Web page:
Testosterone has long been considered effective for treatment of depression (Altschule and Tillotson 1948). Recent studies have shown that blood testosterone concentrations are lower in older men with dysthymia or major depression compared with non-depressed controls (Seidman et al. 2002). This effect may also be modulated by androgen receptor polymorphisms, since blood testosterone concentrations predict depression, but only in the subgroup of men with shorter CAG repeats (Seidman etal. 2001a), a putative genetic marker of higher tissue androgen sensitivity (Zitzmann and Nieschlag 2003). So far, however, androgen therapy has not been convincingly shown to improve mood in depressed men. Whether this is due to inappropriate targeting of subjects (blood testosterone concentrations) or dose (Perry etal. 2002) is not clear.

Oral mesterolone was the first androgen studied for anti-depressive effects. Laboratory evidence that a single dose of mesterolone (1-25 mg) mimics the effects of tricyclic antidepressants on the electroencephalogram led to a patent predicting that androgens might have beneficial effects on clinical depression (Itil etal. 1974). This was, however, refuted in a double-blind clinical trial which randomised 52 depressed men to treatment with mesterolone (150-450 mg daily) or placebo for six weeks (Itil etal. 1984). Both groups improved equally in scores for global clinical impression, physician's checklist for depression, self-rating and Hamilton depression rating. There were no differences in electroencephalogram measures or plasma monoamine oxidase levels. Another study of 34 depressed men randomly assigned to receive either mesterolone (150-550 mg/day) or amitriptyline (75-300 mg/day), the two treatments were equally effective in 26 subjects who continued treatment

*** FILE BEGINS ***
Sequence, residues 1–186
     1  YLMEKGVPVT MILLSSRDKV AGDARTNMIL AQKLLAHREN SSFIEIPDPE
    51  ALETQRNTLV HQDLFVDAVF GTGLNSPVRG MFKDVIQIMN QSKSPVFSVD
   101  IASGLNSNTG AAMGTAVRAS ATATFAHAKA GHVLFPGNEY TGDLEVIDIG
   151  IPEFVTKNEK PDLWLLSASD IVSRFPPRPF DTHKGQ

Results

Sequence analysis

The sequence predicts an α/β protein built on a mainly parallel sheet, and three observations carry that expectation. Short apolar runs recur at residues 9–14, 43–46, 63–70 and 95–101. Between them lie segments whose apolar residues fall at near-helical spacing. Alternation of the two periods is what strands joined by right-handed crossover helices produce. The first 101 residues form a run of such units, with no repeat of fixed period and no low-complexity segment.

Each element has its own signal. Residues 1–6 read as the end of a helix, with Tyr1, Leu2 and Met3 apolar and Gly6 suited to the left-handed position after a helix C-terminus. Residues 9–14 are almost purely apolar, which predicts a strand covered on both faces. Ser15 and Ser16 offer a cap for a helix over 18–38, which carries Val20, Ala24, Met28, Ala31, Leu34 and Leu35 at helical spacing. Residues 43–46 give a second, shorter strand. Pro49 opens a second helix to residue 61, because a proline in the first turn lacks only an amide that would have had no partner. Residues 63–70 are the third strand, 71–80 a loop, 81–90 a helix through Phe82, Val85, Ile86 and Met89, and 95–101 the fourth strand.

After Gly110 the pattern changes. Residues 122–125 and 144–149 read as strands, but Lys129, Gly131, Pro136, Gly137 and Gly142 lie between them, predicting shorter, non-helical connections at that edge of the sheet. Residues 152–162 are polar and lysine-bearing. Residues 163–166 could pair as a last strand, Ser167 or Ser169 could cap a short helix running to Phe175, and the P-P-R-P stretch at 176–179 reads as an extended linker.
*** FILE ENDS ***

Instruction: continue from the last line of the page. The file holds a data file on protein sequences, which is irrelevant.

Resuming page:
(Vogel etal. 1985). However, the small sample size and lack ofaplacebo (rather than an active treatment) control limit the interpretation of this study. More recently, intramuscular testosterone has also been examined. In a well controlled study of 30 older depressed men selected on the basis of low-normal blood testosterone concentration, weekly intramuscular injections of 200 mg testosterone enanthate for 6 weeks did not improve mood significantly compared with placebo (Seidman et al. 2001b). Observational studies of older men with low-normal blood testosterone concentrations (but not clinically depressed) reported that weekly injections of 100 mg testosterone cypionate had no effect on depression scores in 32 men treated for 12 months (Sih etal. 1997) or 14 men treated forthree months (Morley et al. 1993). However, the lack of proper masking limits the interpretation of these studies.

A potential role for androgen therapy as an adjunct to antidepressant therapy was suggested following a report evaluating potential benefit as salvage therapy when conventional antidepressant therapy is failing (Seidman and Rabkin 1998). After a 1 week run-in period, 22 men with major treatment-resistant depression and low serum testosterone were randomised to receive transdermal testosterone gel (1%, initial dose 10 g/d, downwardly dose-titrated) or placebo gel for eight weeks in addition to their current antidepressant therapy (Pope et al. 2003). Testosterone treatment significant improved the Hamilton depression rating and clinical global impression severity score, but not the Beck depression inventory score. Further studies would clearly be of great interest.

Anxiety and Depression 101

Anxiety and Depression 101

Everything you ever wanted to know about. We have been discussing depression and anxiety and how different information that is out on the market only seems to target one particular cure for these two common conditions that seem to walk hand in hand.

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